Evaluation of the urinary electrolytes, renin-angiotensin-aldosterone system (RAAS), and accurate blood pressure monitoring are important steps in the differential diagnosis of patients with persistent hypokalemia and metabolic alkalosis [1]. The salt-wasting inherited disorders like Bartter and Gitelman syndromes are associated with extracellular fluid volume depletion, low or normal blood pressure and an increase in RAAS activity. Conversely, high blood pressure with low renin activity is present in monogenic forms of hypertension as a consequence of increased sodium reabsorption in the distal nephron, with subsequent extracellular volume expansion. The spectrum of monogenic hypertension with hypokalemia includes disorders with low renin activity that can be inherited in an autosomal or recessive way [4,5,16]. Most of these conditions also show metabolic alkalosis, and aldosterone levels can be variable: low or normal in AME, Liddle, congenital adrenal hyperplasia (CAH), and Geller syndrome, and high in Familial Hyperaldosteronisms (Table 2).
The cornerstone of the pathogenesis of these inherited low-renin forms of hypertension with hypokalemia is the increase in sodium reabsorption in the distal tubule. Different mechanisms can produce this increase: (1) gain-of-function mutations in the epithelial sodium channel (e.g., in Liddle Syndrome) or the mineral corticoid receptor (e.g., in Geller Syndrome), (2) mutations in genes encoding for enzymes that regulate adrenal steroid metabolism and activity (e.g., AME syndrome and CAH). Nevertheless, it is important to note that the FENa in our infant was normal at presentation at 0.7%. This is because in steady state, urinary sodium excretion must be equal to sodium intake. A persistently lower sodium excretion would lead to progressive volume expansion with subsequent death from stroke or cardiac failure. The high mineralocorticoid activity in AME will lead to initial salt retention and volume expansion with consequent upregulation of compensatory mechanism, such as pressure natriuresis, until a new steady state at an increased circulating volume is established. This mirrors the findings in salt-wasting conditions, where a compensatory mechanism leads to a new steady state at decreased circulating volume. FENa at steady state is thus not a useful diagnostic tool [3].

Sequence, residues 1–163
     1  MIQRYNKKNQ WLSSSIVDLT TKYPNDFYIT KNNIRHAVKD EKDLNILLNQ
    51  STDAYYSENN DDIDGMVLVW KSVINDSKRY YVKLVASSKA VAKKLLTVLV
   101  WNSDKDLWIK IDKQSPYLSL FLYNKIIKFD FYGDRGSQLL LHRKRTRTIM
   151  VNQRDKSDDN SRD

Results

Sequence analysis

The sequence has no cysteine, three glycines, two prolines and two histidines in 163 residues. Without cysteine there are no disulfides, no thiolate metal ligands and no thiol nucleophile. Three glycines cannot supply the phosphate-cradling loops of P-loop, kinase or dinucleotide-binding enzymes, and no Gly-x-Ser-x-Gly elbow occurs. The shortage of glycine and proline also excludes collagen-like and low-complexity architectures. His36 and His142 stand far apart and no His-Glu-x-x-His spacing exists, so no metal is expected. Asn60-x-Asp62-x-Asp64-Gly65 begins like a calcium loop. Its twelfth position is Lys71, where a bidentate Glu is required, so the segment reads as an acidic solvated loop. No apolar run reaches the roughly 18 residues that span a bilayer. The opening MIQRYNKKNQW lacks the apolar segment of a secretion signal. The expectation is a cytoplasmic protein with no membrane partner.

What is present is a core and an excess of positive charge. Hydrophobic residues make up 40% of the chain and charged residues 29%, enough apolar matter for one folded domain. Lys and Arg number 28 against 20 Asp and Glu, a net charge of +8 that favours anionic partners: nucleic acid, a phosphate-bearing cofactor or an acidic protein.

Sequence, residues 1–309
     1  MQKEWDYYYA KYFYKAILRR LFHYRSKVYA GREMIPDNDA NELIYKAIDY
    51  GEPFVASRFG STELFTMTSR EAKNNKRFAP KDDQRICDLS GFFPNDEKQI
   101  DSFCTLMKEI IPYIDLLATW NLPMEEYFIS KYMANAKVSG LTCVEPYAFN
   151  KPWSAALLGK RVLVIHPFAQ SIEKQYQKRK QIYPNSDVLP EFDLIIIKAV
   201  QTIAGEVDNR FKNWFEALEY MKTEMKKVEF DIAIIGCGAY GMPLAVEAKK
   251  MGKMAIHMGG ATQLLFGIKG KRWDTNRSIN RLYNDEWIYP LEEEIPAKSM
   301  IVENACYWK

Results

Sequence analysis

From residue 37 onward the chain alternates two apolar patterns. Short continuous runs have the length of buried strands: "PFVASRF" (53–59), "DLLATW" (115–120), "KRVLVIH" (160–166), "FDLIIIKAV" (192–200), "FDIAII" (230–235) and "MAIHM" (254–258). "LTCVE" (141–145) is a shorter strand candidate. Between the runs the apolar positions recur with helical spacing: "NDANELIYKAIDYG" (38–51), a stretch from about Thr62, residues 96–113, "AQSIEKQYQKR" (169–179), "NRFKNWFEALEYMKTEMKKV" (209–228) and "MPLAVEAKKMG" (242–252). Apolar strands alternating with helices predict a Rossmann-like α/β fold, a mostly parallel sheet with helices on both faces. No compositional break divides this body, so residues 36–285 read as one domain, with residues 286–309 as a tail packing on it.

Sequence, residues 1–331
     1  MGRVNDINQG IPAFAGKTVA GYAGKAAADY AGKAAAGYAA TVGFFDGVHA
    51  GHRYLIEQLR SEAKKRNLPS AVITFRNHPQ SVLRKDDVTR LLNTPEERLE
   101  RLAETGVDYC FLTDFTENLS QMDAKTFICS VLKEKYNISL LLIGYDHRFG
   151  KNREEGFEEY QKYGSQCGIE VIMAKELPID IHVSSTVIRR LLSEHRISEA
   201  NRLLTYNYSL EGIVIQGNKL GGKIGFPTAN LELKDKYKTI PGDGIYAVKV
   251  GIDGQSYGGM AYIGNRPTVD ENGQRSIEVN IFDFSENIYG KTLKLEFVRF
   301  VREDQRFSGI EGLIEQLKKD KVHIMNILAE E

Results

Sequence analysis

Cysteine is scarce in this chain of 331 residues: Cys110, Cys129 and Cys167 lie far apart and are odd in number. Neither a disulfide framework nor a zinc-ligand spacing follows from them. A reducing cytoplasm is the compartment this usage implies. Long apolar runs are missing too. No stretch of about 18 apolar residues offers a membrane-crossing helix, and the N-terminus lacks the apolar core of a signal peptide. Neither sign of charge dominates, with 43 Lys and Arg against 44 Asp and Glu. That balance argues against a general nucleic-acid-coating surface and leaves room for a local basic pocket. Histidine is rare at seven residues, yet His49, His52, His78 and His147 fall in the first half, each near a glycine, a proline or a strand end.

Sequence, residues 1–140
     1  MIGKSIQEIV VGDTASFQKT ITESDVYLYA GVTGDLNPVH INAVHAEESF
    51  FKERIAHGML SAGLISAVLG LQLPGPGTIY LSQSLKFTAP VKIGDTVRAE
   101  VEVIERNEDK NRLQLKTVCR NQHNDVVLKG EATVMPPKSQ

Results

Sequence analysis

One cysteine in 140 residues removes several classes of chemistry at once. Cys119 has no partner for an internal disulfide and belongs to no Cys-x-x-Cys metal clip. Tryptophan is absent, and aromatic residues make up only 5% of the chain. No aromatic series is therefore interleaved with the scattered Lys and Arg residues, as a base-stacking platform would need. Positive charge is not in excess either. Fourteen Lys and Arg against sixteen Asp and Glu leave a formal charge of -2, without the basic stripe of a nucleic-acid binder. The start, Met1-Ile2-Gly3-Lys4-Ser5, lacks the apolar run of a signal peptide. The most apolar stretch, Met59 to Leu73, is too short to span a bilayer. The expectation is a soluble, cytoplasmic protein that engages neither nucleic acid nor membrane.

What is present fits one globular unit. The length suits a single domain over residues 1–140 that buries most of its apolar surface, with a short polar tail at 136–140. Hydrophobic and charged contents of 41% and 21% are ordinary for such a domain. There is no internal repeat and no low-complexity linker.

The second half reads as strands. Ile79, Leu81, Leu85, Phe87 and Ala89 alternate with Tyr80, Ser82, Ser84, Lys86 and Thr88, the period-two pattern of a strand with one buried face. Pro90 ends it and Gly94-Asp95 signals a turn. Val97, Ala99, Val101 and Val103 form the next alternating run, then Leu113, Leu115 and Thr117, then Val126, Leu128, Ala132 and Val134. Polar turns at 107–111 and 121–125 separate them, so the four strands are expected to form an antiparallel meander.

An interesting observation is also the polyuria with low urine osmolality, which improves, as blood pressure and electrolytes normalize. This observation has been previously described in AME as a reversible secondary form of nephrogenic diabetes insipidus [17].